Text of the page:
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Press Release

For Immediate Release
December 21, 2005
Contact: CDC, National Center for Chronic Disease Prevention and Health Promotion
Press Office: 770-488-5131

CDC Report Shows that Age Continues to be a Major Factor in Determining Success of Assisted Reproductive Technology

More than 48,000 babies were born in the United States as a result of assisted reproductive technology (ART) procedures carried out in 2003, the Centers for Disease Control and Prevention (CDC) reported today. This is up from the 45,751 babies born as a result of ART in 2002. ART includes infertility treatment procedures in which both egg and sperm are handled in the laboratory. The most common ART procedure is in vitro fertilization.

CDC’s ninth annual ART report summarizes national trends and provides information on success rates for 399 fertility clinics around the country. Overall, 28 percent of ART procedures resulted in the birth of a baby for women who used their own fresh eggs.

The 2003 report offers more evidence that a woman’s age is one of the most important factors in determining whether she will have a live birth by using her own eggs. “Women in their 20s and early 30s had relatively high rates of success for pregnancies, live births, and single live births,” said Victoria Wright, a public health analyst in CDC’s Division of Reproductive Health. “But success rates declined steadily once a woman reached her mid-30s.”

Overall, 37 percent of the fresh non-donor procedures started in 2003 among women younger than 35 resulted in live births. This percentage of live births decreased to 30 percent among women aged 35-37, 20 percent among women aged 38-40, 11 percent among women aged 41-42 and 4 percent among women older than 42.

Women 40 or older are more likely to have a successful ART procedure if they use donor eggs. Egg donors are typically in their 20s or 30s. The average live birth rate for women who used ART with donor eggs is 50 percent, and is independent of age.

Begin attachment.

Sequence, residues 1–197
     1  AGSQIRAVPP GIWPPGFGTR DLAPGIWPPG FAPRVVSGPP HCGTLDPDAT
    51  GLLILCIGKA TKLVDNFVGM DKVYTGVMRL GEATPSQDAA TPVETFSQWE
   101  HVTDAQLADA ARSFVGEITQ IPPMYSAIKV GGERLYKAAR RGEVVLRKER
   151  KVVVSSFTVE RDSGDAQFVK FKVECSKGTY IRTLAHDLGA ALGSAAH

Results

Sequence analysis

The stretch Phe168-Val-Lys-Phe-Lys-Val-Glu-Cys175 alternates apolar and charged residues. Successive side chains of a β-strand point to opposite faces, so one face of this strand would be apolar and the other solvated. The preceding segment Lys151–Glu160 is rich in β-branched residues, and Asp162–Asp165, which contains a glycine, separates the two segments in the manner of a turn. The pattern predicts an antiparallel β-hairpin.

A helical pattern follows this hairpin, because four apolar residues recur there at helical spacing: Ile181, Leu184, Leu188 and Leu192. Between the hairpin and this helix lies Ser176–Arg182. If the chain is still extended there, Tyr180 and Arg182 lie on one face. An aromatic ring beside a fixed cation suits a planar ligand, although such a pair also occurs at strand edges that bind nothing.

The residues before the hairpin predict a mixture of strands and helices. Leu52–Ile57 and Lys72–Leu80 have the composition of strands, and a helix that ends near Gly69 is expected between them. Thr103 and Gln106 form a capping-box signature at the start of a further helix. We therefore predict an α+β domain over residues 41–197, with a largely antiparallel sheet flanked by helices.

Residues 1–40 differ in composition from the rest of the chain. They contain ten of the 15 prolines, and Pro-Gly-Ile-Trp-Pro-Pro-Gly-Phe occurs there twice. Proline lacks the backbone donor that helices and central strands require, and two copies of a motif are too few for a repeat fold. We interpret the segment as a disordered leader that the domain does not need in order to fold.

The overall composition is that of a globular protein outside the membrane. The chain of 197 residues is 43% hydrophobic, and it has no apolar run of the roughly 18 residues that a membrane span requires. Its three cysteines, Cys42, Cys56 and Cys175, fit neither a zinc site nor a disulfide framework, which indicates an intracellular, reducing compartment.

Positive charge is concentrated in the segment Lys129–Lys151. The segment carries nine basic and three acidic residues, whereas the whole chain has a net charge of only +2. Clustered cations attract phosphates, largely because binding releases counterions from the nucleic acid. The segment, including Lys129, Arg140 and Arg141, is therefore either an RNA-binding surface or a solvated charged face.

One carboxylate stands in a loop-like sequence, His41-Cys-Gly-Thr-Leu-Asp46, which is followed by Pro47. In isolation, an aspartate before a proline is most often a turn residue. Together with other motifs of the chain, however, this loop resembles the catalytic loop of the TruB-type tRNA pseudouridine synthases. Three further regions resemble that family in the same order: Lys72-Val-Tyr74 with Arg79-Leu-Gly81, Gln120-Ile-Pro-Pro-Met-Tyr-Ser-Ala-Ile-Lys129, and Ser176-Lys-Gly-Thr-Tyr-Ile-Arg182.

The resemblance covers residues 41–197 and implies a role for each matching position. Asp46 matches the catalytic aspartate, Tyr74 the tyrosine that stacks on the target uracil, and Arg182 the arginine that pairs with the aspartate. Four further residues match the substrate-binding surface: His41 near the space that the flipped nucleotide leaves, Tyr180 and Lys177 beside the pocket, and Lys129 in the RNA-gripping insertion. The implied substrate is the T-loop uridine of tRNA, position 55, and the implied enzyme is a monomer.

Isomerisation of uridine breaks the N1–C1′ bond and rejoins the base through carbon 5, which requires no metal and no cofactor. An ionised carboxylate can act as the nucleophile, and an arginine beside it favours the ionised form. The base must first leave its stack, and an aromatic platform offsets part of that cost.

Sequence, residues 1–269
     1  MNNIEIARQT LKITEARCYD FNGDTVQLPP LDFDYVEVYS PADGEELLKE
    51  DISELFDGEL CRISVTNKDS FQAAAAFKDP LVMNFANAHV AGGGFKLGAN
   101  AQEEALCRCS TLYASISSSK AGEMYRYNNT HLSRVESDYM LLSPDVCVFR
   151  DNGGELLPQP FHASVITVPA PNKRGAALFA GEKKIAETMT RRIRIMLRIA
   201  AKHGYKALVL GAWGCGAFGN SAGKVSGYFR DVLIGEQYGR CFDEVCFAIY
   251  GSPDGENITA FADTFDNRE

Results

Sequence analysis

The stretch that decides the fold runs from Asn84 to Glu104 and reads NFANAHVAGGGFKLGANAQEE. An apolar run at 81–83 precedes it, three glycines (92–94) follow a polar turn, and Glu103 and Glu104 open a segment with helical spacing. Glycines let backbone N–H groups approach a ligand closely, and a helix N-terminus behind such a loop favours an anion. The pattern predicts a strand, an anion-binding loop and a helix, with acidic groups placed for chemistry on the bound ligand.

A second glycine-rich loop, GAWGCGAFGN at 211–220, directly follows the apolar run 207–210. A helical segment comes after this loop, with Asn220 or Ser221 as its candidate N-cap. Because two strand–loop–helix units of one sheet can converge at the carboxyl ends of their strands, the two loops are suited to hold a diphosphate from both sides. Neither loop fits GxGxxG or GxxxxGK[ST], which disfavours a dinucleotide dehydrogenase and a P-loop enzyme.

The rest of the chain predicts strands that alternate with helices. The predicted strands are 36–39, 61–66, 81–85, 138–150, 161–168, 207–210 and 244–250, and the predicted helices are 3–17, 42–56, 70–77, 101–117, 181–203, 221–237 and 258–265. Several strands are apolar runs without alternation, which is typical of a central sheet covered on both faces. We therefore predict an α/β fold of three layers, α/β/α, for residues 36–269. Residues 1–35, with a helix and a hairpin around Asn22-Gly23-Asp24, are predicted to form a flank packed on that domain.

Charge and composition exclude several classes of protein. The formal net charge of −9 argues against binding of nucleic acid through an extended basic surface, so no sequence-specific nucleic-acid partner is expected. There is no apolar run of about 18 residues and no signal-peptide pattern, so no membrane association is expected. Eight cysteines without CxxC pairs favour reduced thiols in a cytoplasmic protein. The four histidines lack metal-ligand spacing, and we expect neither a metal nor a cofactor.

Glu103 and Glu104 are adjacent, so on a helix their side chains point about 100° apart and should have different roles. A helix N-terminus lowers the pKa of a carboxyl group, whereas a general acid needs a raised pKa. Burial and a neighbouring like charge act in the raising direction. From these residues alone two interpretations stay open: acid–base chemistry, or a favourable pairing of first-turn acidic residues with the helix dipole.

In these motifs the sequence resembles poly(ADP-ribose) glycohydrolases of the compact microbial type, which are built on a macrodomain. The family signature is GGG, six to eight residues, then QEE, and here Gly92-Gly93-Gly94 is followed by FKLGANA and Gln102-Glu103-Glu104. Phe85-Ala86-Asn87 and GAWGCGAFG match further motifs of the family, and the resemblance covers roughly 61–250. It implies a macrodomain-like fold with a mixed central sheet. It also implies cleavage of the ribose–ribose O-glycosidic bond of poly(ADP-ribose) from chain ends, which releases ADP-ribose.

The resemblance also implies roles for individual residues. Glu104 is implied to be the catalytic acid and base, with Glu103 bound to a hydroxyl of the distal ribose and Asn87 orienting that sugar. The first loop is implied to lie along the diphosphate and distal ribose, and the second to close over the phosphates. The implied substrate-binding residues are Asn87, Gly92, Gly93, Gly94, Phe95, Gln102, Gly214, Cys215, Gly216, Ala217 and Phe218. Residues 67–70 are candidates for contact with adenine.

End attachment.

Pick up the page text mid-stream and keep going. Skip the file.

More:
About 35 percent of ART deliveries among women who used their own fresh eggs were multiple births (twins or more), compared with 3 percent in the general U.S. population during the same time period. This is because multiple embryos are often transferred to increase the likelihood of a live birth. Multiple births are associated with greater risk for both mothers and babies, such as cesarean section, low birth weight, premature birth, and infant disability or death.

In general, the findings for 2003 were similar to those for 2002. More procedures were reported (122,872 in 2003 compared to 115,392 in 2002), and more infants were born as a result of ART (48,756 in 2003 compared to 45,751 in 2002).

“For many people, the dream of having a baby is difficult to achieve,” said Wright. “ART has been used in the United States since 1981 to help women become pregnant. Many people use this report to make informed decisions about options for overcoming infertility.”

Wright adds the use of ART services is a personal decision that should be made in consultation with a physician and encourages caution in comparing success rates of various clinics. “A clinic’s history of success is only one factor to be considered in making a decision. Equally important are the causes of infertility and a woman’s age.”

Reporting of clinic fertility success is required by the Fertility Clinic Success Rate and Certification Act of 1992. The 2003 report was prepared by the CDC in consultation with the Society for Assisted Reproductive Technology (SART), and the American Society for Reproductive Medicine (ASRM).

The full report, including an in-depth frequently asked questions section, is available at An interactive version of the report is also included as part of CDC’s Reproductive Health website (, which features information on topics of concern to women and men of reproductive age.

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This page last updated December 21, 2005

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